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  5. "저는 길을 걸어요."

"저는 길을 걸어요."

Translation:I walk along the street.

September 19, 2017



"On the Boulevard of Broken Dreams."


What word means along


None of them. Confusing way to translate it, probably better to say "down the street" since that's how we say it commonly.


Or I walk on the street


Yes that could work, also "i walk the path"


Why not, "I walk the street"? How does one determine whether it is "down" the street or "up" the street from the statement presented?


I think the literal translation would be "I walk the street", but that comes with connotations that don't match the Korean meaning, so another word was added to make a more faithful translation.


You know, it may just be better to provide a small analysis of the breakdown on each answer, right or wrong.

Transliteral: "I+SUBJ road+OBJ walk+POLITE" Initial Translation to English (Accepted): "I walk the road" Semantically Acceptable Answers in English: "I walk along the road," "I walk down the road" Etc, etc.

That way it would be easy to know if Duolingo will accept variations for certain words, and it would be nice to know what is going on behind the scenes from the get go on new phrases and verbs.

Actually yeah, I would love if Duolingo did that.


I would looooove a linear translation /transliteration


Literally I think one could say "I walk on the street" and be correct.


걸어요 reminds me of correr. Considering the loanword 빵,it wouldn't surprise me if this were a loanword (I know running and walking are not the same,but it's close enough). Either way it's a nice memonic


걷습니다 and 걸어요 mean the same thing right?


What's the difference between street and road?


A street has buildings and whatnot next to it and its primary purpose is to make these accessible, whereas a road connects places (towns, distant neighborhoods, etc). Think "Main Street" vs the county road.

However, this distinction is mostly historical and the two terms have come to mean roughly the same thing. These days, I think most people think of a road as being generally bigger or higher speeds than a street and that's about the extent of it.

I'm not sure if Korean makes the distinction and many (most?) native English speakers don't either.


Au contraire!

English users definitely have many distinctions, as you pointed out, and far more than just those, but the real point is whether or not it matters.

This is where we get into the sticky realm of semantics versus pragmatics.

If I say "street" like you said, it has semantic baggage that colors it in your mind to be a type of trail you go down.

I would alter what you asserted and instead say that most people don't realize this more subconscious activity and don't /consider it/ as a meaningful distinction.

This happens much, much more that we know, and a far easier to understand example is saying "Drive down the road" or "Drive down the highway". That's a very clear example of something that actually, semantically, is very close, but most English speakers immediately know the difference.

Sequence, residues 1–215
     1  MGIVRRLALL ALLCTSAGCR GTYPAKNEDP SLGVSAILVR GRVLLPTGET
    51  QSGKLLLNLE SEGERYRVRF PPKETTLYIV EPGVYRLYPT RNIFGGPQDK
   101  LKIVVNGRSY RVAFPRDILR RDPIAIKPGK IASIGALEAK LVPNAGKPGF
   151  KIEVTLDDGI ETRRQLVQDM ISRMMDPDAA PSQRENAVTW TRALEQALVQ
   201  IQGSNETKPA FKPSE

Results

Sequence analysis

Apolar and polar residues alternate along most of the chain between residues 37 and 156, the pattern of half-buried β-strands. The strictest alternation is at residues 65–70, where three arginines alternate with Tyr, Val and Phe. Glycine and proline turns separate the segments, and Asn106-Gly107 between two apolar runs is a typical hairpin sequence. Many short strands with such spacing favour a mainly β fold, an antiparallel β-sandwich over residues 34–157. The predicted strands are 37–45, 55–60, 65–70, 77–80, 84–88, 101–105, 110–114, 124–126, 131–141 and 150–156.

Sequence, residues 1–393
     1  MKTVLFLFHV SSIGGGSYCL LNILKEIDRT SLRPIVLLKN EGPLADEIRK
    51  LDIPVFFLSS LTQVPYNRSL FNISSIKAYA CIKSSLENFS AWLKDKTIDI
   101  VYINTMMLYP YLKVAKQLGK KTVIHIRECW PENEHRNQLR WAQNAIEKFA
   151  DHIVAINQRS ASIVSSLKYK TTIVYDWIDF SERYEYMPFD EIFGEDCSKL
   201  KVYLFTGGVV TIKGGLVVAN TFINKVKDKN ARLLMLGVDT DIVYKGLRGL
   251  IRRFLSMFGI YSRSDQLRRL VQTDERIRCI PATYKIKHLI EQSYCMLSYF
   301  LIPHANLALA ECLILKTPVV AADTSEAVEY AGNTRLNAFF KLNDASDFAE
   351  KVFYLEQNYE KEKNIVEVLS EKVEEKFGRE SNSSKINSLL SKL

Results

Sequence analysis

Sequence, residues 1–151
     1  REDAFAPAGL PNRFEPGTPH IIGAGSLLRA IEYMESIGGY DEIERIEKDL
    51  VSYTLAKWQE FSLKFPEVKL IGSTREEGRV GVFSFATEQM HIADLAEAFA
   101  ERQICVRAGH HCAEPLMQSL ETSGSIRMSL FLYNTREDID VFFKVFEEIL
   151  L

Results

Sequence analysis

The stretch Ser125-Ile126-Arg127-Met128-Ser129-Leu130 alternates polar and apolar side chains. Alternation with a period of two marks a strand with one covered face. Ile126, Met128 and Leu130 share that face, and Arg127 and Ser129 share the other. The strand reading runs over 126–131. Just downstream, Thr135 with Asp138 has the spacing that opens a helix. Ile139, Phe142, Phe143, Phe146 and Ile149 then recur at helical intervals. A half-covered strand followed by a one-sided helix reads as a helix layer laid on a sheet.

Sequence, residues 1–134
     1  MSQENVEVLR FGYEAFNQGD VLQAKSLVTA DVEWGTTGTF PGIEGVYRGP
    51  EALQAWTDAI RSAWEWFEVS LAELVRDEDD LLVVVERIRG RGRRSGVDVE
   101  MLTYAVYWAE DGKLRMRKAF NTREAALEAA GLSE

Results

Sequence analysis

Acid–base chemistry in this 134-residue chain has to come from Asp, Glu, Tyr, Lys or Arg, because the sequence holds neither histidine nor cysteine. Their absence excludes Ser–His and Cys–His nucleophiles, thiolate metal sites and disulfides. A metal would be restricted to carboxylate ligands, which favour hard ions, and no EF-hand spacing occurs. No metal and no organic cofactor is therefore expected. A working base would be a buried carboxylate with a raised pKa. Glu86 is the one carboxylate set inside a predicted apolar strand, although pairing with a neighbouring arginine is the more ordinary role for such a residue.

Finally, I would point out to all fellow Korean learners that Korean, and every other language, have just as much minutiae, but never get discouraged, we can do it with practice :)

Footnote: A short list of several synonyms and more or less related words to "road" that have some level of difference native English speakers just have some intuition about:









Several others...

Point is some of these are notably different, others not so much, but every single one of them are quite connected. (And this is before getting into modifying adjectives and prepositions that could alter how you indicate travel on the path!) Pretty interesting stuff :)


To me (a native American), a street is a four or more lane paved path with traffic signals. A road is usually two lanes and may or may not be paved, like a 'backwoods dirt road'.


I am a native American and, broadly speaking, to me a street is/can be one or more lanes that are in a town or a city while roads are in the countryside, except for streets that are currently named "road" because at one time the street was a "road" but because of urban expansion it was incorporated into the town or city. In some older cities in the United States some streets are even named "trail" because historically the street began as a trail that was by made by earlier inhabitants or settlers/pioneers.


So in Korean would you only say " I walk the street" to express "I walk along the street" or is there a word correlating to the word "along" or "down the . . ." that could also be used?


I don't think there is one


Strange construction


what is the 한국어 word for 'along'?


~을/를 따라

따르다 means to follow so if you want to say "along the road" it would be "길을 따라" or "길 따라" in Korean(을/를 can be dropped in speech). Of course in different contexts it can have other translations too.

Fun fact: There's actually a bakery near where I live called 빵길 따라 and the English name is "Along bread cafe" which doesn't make sense, but their bread is nice so who cares haha


It would have made more sense if it said I walk the red carpet


Why is "I walk ALONG the road" and not "I walk on the road" ?


I walk at the street

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